Three people have been killed and 16 were wounded after a gunman held up a car, opened fire on police and then took hostages in a supermarket in southern France.
Police later on Friday stormed the supermarket in the small town of Trebes and shot dead the attacker.
Officials confirmed the death of the gunman on Twitter.
French officials said the gunman claimed allegiance to the Islamic State of Iraq and the Levant (ISIL, also known as ISIS) group.
In a televised address, President Emmanuel Macron said a police officer who took the place of a female hostage is “fighting for his life”. He said France had suffered “an Islamist terrorist attack”.
⚠️ Opération en cours secteur Super U Trèbes.
Secteur interdit ⚠️
Merci de faciliter l'accès aux forces de l'ordre.
— Préfète de l'Aude (@Prefet11) March 23, 2018
Three separate incidents
First, the attacker held up a car just before 10am in the nearby village of Carcassonne, killing one person and leaving another wounded, according to local media reports.
Then, he fired at police officers who were on their way back from jogging, according to Yves Lefebvre, secretary-general of SGP Police-FO police union.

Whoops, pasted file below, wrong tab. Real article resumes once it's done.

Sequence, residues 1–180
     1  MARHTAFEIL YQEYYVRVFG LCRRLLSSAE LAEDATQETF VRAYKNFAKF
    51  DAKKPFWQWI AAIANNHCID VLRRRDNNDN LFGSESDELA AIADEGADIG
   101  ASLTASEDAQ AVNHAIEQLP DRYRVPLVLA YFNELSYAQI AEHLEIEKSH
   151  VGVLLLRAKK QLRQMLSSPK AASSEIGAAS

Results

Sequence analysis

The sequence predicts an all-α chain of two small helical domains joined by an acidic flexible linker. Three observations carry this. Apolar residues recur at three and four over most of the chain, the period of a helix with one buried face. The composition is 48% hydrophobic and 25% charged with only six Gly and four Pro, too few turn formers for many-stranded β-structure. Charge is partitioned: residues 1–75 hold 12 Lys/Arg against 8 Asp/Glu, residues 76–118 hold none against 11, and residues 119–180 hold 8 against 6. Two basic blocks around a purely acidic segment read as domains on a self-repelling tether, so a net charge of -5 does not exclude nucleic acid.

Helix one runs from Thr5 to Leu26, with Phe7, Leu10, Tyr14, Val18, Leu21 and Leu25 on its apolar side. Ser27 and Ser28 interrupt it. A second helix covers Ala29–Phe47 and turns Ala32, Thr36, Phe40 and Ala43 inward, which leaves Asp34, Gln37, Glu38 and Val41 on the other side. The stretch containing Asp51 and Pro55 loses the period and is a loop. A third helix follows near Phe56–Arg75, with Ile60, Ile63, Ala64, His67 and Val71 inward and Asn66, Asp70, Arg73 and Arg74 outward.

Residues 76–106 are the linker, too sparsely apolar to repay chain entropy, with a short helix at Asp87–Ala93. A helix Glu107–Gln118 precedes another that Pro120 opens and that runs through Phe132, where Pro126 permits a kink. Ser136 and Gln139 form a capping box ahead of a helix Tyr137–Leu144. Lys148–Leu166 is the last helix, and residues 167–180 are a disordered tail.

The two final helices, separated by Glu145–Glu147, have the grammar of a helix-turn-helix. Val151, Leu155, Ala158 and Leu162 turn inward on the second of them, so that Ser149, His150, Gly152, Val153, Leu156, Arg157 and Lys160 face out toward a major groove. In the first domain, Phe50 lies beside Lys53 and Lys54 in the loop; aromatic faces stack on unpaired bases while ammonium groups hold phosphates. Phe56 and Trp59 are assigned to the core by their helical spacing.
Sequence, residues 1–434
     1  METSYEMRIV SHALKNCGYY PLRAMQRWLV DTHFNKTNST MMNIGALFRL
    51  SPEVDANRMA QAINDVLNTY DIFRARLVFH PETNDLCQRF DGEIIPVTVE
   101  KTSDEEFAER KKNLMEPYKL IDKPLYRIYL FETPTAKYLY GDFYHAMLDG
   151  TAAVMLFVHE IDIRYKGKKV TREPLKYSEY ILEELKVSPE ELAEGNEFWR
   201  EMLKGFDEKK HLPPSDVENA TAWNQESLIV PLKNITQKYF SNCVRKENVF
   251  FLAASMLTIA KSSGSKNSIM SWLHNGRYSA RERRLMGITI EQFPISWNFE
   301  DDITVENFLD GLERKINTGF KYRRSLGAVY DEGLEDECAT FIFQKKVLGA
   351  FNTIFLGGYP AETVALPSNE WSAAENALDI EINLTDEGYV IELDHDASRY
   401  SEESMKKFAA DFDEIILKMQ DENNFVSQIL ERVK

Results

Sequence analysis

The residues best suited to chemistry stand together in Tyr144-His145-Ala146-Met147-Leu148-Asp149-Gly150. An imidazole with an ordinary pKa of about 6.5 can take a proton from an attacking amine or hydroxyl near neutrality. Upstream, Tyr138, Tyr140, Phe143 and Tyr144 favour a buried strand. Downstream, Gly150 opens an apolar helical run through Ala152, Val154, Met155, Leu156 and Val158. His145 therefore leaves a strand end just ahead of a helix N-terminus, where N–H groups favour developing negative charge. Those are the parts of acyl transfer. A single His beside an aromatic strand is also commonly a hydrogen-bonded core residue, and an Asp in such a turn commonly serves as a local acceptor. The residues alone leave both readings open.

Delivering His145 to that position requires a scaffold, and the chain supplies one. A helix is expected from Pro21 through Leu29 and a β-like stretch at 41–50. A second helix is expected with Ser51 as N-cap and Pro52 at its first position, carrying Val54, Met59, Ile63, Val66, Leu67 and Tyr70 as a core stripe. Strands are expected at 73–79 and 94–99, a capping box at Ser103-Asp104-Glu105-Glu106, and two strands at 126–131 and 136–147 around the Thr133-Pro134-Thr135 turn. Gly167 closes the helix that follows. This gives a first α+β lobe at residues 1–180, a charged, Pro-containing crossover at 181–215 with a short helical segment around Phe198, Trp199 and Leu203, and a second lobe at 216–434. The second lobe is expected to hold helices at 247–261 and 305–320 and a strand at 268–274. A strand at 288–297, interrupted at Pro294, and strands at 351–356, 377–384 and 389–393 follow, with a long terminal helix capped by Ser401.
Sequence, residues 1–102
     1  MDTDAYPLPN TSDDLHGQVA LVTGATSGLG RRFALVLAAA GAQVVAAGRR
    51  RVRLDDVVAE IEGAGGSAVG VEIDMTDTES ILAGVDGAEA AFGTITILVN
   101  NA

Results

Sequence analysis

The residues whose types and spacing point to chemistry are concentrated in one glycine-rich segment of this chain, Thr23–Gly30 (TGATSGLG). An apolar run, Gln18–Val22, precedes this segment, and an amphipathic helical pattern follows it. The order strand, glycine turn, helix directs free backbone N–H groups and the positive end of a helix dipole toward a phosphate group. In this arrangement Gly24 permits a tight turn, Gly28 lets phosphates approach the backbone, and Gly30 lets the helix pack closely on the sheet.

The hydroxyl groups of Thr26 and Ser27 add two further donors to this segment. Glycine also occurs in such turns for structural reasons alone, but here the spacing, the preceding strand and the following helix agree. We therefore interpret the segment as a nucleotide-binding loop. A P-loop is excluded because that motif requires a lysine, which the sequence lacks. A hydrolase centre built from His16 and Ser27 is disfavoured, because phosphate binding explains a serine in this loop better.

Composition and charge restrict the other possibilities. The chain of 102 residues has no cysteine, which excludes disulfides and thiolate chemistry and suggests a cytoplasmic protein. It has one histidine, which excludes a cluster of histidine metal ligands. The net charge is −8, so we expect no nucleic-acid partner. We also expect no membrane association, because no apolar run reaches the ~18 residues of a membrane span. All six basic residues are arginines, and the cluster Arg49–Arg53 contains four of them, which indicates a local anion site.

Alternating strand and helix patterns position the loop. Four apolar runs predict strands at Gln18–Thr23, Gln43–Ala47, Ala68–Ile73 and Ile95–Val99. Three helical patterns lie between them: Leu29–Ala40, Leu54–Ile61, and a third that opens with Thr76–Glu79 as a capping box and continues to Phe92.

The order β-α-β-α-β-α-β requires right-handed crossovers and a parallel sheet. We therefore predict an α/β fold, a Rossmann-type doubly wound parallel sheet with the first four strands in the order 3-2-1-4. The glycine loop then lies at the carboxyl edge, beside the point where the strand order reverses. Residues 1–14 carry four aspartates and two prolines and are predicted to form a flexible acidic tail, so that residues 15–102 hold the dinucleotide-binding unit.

One soldier was slightly injured after being shot in the shoulder, Lefebvre said.
Then the gunman drove that car to a Super U supermarket in the nearby small town of Trebes, about 100km southeast of Toulouse, where he entered the supermarket.
He shot two people dead after he entered the supermarket.
The attacker was able to take a police officer hostage after all other people were able to escape the shop.
The police officer swapped himself with a civilian, and was subsequently severely injured in the assault, Interior Minister Gerard Collomb said in a statement.
National and local media in France reported that the man claimed that he carried out the attack in the name of ISIL.
According to several sources, the hostage-taker demanded the release of Salah Abdeslam, the only surviving member of the November 2015 attacks in Paris, in which 130 civilians and seven attackers were killed.
Julien Theron, a political analyst at Sciences Po, told Al Jazeera the attacker spoke about his connection to ISIL.
“The man claimed to belong to ISIS, but so far there has been no claim from ISIS itself,” Theron said.
“He spoke about defending his brothers in Syria and also claiming to free Salah Abdelsalam, one of the attackers of the Bataclan attacks.”
Local media also reported the mother and sister of the unidentified suspect came to the supermarket to try and persuade him to give up.
Police also indicated they would try to take the gunman alive so he could be questioned and tried in court.